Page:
Iced red berry soufflés
- July 2015
- 500g fresh, ripe mixed summer berries (raspberries, blackberries, strawberries, blackcurrants, etc), plus extra to decorate
- 200g caster sugar
- Juice ½ lemon (optional)
- 2 large free-range egg whites
- 40ml whipping cream
- Icing sugar to dust (optional)
You will also need:
- Digital probe thermometer or sugar thermometer
- 6 x 6cm diameter x 3cm deep ramekins (see tip)
- Hull the berries (if necessary), then wash and put in a blender or food processor with 75g of the sugar. Whizz until smooth, then pass through a fine sieve (discard the seeds/skins). Taste the purée – it might need a squeeze of lemon juice to boost it. Prepare 6 ramekins by tying a strip of baking paper around the outside to form a collar about 5cm above the rim.
- Put the egg whites into an electric mixer (or in a large mixing bowl). In a clean saucepan, dissolve the remaining 125g sugar in 250ml water over a low heat. When the sugar has completely dissolved, bring the water to the boil, skim off any foam and cook to 120°C (use a digital probe thermometer or sugar thermometer to check). Remove the syrup from the heat once it reaches this temperature.
- Working quickly, using an electric mixer, beat the egg whites until foamy. With the mixer still running, pour the hot sugar syrup directly onto the egg whites at the edge of the bowl – make sure the hot syrup doesn’t drop onto the beaters as you pour it in (it will solidify onto them). The egg whites will start to whip into a stiff meringue mixture. Continue beating until the meringue has cooled (you’ll be able to feel it from touching the bowl).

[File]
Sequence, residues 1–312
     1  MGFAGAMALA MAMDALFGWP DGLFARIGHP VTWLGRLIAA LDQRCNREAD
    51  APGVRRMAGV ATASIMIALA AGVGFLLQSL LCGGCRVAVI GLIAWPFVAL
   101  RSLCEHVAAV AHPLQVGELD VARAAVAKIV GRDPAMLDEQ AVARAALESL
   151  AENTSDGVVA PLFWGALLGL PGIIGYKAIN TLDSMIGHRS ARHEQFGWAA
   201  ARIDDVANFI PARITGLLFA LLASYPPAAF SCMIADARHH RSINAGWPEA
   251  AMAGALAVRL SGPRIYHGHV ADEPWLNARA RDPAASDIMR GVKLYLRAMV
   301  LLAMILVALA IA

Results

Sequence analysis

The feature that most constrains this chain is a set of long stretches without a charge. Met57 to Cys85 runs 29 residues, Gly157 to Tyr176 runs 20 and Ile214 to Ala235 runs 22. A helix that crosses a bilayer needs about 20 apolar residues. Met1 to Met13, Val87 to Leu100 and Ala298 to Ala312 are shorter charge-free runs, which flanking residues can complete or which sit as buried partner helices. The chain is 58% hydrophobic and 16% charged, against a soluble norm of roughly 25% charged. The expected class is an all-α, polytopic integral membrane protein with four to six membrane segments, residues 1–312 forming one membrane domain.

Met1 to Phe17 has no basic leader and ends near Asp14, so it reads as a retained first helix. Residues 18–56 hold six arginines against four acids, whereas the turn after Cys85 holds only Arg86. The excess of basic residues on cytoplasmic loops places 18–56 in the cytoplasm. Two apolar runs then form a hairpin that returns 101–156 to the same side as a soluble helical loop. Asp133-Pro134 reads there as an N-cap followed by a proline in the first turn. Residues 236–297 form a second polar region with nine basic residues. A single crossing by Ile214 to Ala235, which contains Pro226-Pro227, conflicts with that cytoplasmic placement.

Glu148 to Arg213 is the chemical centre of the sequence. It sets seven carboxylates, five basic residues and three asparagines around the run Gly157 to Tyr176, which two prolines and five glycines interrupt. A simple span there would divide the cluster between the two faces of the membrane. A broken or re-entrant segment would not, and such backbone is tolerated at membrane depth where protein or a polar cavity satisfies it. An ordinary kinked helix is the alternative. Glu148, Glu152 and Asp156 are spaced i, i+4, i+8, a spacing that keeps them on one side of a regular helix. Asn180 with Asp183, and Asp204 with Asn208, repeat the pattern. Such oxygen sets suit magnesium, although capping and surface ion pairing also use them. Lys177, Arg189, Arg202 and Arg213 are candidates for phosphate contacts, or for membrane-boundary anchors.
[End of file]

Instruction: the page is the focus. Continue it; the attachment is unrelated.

- In a separate mixing bowl, whip the cream with a balloon whisk until it forms soft peaks when the whisk is removed, then fold into the fruit pulp using the whisk or a metal spoon. Gently fold the fruit mixture into the meringue, then spoon the mixture into the prepared ramekins.
- Freeze the soufflés for at least 12 hours (see make ahead). Remove from the freezer 10-15 minutes before serving so they soften slightly. Remove the collars, top with whole berries and/or sliced strawberries, dust with icing sugar (if you like), then serve.
If you only have large ramekins, you can still make the soufflés in those, but they won’t come over the top of the rims so there’s no need to tie baking paper collars onto them in step 1.
You can make the puddings up to 1 week in advance. Keep wrapped and frozen until ready to use.
Iced soufflés get their look – and name – from being overfilled, then frozen with a baking paper collar around the ramekin. They look like soufflés but they’re really frozen mousses, so there’s no danger of them sinking.
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